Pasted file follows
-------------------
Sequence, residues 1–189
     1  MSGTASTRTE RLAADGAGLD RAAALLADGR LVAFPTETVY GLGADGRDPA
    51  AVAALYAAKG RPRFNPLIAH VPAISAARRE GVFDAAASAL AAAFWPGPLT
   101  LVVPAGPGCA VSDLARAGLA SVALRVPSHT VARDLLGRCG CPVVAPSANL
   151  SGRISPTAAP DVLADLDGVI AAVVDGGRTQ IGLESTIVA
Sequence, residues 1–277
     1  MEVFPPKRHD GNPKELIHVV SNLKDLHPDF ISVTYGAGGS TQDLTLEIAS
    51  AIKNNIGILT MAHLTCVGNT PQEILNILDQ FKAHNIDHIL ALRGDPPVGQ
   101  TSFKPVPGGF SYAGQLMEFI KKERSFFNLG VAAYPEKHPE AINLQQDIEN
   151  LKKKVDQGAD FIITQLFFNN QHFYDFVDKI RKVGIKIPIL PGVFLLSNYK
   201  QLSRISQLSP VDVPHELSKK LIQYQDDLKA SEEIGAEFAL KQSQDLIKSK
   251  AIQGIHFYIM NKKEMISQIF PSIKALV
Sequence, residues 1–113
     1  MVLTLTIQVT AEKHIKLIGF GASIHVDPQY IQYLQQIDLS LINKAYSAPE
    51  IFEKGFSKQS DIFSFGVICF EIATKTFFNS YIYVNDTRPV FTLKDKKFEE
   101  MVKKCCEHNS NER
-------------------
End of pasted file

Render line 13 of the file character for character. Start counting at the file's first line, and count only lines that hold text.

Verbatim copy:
Sequence, residues 1–113